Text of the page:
Using different mediums to connect with learners

In an animation set in the pixelated, 8-bit world of the videogame Minecraft, a character named Johnny Knowing stands in a green landscape and says, “Today, we’re going to be looking at that strange idea we use all the time, every day, many many times in a day. In fact, I’m using it right now. Today, we’re going to be looking at communication.” 

The character is the creation of Spangler, and he uses the avatar to explain complicated ideas simply for the young people he works with in his clinical practice. The video is part of a series called “Mindless Minecraft” that’s designed to help kids better understand their emotions in the familiar setting of the popular video game. In the episode “Miscommunication”, two characters navigate the pitfalls of constructing a tree in the game and how it’s easy to misunderstand one another when we’re not being specific with our words. It may be a video for younger people, but it’s a set of skills that folks of all ages can revisit. 

Outside the classroom, Spangler is a licensed Mental Health Counselor in the state of Washington. Specializing in neurodivergent experiences, he works with children, adolescents, and young adults, offering them tools to help navigate the stressors of growing up. “My work focuses on helping them find their own relationship to their struggle,” Spangler explains. “And then developing skills and strategies around it so that they can take control of that struggle, rather than it taking control of them.”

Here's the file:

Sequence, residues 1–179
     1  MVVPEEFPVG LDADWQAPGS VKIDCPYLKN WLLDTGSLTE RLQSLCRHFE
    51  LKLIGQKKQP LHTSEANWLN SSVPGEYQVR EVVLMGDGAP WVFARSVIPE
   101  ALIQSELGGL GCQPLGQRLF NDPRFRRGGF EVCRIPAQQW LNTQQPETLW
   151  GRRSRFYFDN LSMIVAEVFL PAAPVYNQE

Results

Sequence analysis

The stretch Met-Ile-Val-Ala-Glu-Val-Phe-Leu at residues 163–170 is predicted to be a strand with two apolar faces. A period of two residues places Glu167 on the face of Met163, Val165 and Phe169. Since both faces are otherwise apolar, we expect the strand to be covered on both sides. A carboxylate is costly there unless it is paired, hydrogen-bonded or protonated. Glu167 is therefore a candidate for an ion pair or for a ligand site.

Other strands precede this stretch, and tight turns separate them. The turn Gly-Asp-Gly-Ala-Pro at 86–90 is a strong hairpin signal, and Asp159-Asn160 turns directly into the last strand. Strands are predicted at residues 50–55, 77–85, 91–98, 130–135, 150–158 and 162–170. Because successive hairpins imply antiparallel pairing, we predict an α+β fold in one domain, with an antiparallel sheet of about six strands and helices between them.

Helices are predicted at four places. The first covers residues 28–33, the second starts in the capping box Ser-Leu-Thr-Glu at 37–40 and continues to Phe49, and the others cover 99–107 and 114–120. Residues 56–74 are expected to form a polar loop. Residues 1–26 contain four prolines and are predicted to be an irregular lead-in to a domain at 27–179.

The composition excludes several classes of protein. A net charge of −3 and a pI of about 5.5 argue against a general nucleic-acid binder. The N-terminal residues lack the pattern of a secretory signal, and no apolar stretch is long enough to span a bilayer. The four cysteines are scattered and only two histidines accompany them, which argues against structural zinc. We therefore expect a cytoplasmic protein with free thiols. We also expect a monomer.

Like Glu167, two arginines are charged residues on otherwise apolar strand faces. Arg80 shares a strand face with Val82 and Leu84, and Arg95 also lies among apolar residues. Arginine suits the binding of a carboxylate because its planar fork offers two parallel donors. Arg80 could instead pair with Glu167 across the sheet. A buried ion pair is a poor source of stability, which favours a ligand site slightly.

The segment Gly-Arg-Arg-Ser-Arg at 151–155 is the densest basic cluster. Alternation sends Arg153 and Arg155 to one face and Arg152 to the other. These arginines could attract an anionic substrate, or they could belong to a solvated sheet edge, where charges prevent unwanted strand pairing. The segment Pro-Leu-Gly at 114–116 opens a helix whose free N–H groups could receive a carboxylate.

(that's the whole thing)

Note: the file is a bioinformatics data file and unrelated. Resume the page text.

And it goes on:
Since 2014, Mindless Minecraft has been a helpful video series that Spangler uses to build better communication between his clients, himself, and their parents. In addition to the episodes that help explore questions young people have about social norms and how to interact with parents, teachers, and in school, there’s an episode explaining Minecraft and the videos to parents as well because good communication goes both ways. The series is a way to open up conversations about difficult topics like disappointment, bullying, and anger. 

What these videos offer is the same kind of openness that Spangler brings to the classroom. Learning can be a vulnerable process, and when you’re practicing emotional skills, it can feel like even more of a risk. Spangler understands that and makes sure students feel supported in the classroom as they become aware of deeply ingrained habits. Just like he uses videos to help young people learn about their emotions and difficult subjects, Spangler is offering innovative ways to think about communication in counseling through non-judgmental and creative practices.